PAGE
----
What if my spouse will not agree or comply when I file for Divorce?
Ocean & Monmouth County Default Divorce Lawyers
It used to be that for a divorce to be final you and your your spouse had to both agree to end your marriage. That’s not true anymore. New Jersey’s family laws are proactive and progressive. Revisions of the legal statutes around divorce in New Jersey, permit one spouse to divorce with or without the cooperation of the other spouse.
Family laws in New Jersey take into consideration that ending a marriage can sometimes be a one-sided decision. Situations of domestic abuse are a common example of divorce decisions in which spouses are on opposite sides about ending the marriage.
At the Bronzino Law Firm, our separation and divorce attorneys are representing families in your community including Asbury Park, Neptune, Wall, Manasquan, Point Pleasant, Brick, Jackson, Sea Girt, and across the Jersey Shore. We know that divorce is complicated. We provide effective and personalized legal solutions at reasonable rates.
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Divorces in which both spouses agree to file and participate
This is called an uncontested divorce. Under this type of separation and divorce, you and your spouse both agree to file the divorce complaint and participate by responding as may be required to execute the process. It includes reaching an agreement about all of the issues relevant to your divorce, for example, the type of alimony (spousal support) if any, child custody and support if you have children, and the division of property and debts following New Jersey’s laws of equitable distribution. Agreeing to an uncontested divorce is usually the easiest type of divorce and the least controversial.
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Divorce where one spouse refuses to participate and is non-compliant
Is your spouse hiding to avoid being served with the divorce court papers? Are they refusing to sign or particpate in any discussion surrounding your request for divorce?
If so, it can make ending your marriage more difficult, but it will not prevent it. Even if your spouse does not want to divorce, the divorce process can and will still move forward.
Often people believe that by not responding or not appearing in court, the situation will go away, resolve itself, or at the very least, delay or prevent the divorce from proceeding. That line of thinking is incorrect and in most cases the opposite may end up being the outcome.
Not only will the divorce proceed, but a person’s lack of participation is interpreted by the law as a relinquishing of rights. The consequence is that whoever is non-compliant won’t have any say in the divorce proceeding or court judgment. This type of divorce is a default divorce.
If you have filed for divorce and your soon-to-be ex-spouse is uncooperative, consider speaking with an experienced family law and divorce attorney to discuss the possibility of pursuing a default divorce.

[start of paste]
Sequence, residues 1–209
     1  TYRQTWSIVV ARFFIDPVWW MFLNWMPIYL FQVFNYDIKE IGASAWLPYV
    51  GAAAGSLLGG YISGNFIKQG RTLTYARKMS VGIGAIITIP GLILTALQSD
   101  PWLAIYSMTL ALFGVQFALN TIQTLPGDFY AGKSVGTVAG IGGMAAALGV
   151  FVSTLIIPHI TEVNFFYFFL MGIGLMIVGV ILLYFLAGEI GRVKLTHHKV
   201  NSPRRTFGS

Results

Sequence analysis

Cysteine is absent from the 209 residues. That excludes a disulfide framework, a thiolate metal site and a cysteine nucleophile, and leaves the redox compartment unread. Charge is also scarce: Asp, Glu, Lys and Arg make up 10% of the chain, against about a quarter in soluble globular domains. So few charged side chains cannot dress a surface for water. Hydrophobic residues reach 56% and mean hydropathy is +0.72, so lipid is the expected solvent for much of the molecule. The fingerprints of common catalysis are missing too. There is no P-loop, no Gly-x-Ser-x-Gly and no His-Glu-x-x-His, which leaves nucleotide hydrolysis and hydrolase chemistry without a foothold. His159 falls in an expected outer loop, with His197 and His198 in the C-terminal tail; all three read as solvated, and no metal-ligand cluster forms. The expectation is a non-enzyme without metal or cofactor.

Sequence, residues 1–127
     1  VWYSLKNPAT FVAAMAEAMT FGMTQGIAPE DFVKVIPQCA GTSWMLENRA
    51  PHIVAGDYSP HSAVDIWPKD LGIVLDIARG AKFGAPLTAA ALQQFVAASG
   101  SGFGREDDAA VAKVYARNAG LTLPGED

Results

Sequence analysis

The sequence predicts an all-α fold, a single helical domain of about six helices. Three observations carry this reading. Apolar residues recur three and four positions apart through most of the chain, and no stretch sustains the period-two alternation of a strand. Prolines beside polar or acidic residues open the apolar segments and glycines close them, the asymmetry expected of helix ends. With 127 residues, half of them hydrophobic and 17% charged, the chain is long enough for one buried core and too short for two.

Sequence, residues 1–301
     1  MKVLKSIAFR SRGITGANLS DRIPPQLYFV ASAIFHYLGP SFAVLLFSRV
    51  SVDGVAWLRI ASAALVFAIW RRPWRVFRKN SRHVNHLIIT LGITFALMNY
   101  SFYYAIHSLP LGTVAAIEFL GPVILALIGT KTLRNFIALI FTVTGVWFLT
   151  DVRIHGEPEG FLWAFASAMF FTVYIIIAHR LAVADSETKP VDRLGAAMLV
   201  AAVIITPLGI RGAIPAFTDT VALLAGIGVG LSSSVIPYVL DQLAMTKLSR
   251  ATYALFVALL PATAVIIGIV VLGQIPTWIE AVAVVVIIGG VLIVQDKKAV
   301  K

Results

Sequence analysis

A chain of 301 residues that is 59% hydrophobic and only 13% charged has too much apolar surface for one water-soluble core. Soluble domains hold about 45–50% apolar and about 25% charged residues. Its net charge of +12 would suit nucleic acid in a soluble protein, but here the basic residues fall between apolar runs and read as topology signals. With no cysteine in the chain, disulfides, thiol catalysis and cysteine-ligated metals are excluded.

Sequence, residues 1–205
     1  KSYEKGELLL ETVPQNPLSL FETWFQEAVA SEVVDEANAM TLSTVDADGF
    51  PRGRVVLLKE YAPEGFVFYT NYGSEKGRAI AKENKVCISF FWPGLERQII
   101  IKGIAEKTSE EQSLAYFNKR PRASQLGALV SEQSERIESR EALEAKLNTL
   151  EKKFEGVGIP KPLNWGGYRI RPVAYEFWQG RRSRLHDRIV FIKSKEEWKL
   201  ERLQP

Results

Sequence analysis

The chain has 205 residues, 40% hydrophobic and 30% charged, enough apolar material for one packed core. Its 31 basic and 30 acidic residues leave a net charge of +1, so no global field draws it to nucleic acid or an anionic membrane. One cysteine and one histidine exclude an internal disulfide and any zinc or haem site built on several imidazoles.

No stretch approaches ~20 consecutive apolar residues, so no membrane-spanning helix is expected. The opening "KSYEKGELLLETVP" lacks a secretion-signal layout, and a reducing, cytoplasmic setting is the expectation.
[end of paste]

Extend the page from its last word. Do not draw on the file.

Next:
Steps in the Default Divorce Process
To give you an idea of what’s involved, here’s a generic overview of the process for obtaining a default judgement in New Jersey. Knowing this information may be helpful to you, but it doesn’t minimize or eliminate the advantages of having the legal guidance from a knowledgeable attorney who is dedicated to looking out for your best interests.
1. Filing and serving a complaint for divorce: Only one spouse needs to file papers to start the divorce process. If you are the filing spouse, all you need to do is complete the required forms. A representative of the court will attempt to serve the papers on your spouse and, if successful, your spouse will have 35 days to respond.
2. Serve Notice of Equitable Distribution & Case Information Statement: If your spouse does not respond, then the next step will be to serve him/her with a Notice of Equitable Distribution and Case Information Statement. Together these two documents address all of the divorce issues relevant to your family and marriage, such as child custody, visitation, alimony, child support, division of all assets, insurance coverage and debt payment responsibilities; along with other information about income, assets, liabilities and possibly a monthly budget.
3. Getting the Divorce Decree: A family court judge will also receive a copy of the Case Information Sheet and other case documents to review as part of the court’s preparation to make a final judgment. A date will be set for the court hearing and the court will attempt to serve your spouse with notice of it.
Contact a Brick NJ Divorce and Family Law Firm today
The Bronzino Law Firm is committed to providing the best quality representation in Monmouth and Ocean Counties and in all of our surrounding communities. If you are facing a divorce and your spouse is uncooperative, contact us today at 732-812-3102. We have extensive experience in family law matters and can help you know your options.
Depending on the extent of your spouse’s participation, he/she may have the right to participate in the final hearing and to oppose your requests. Regardless of whether he or she appears, as long as your requests are seen as fair and reasonable, the judge will most likely accept them and grant your divorce.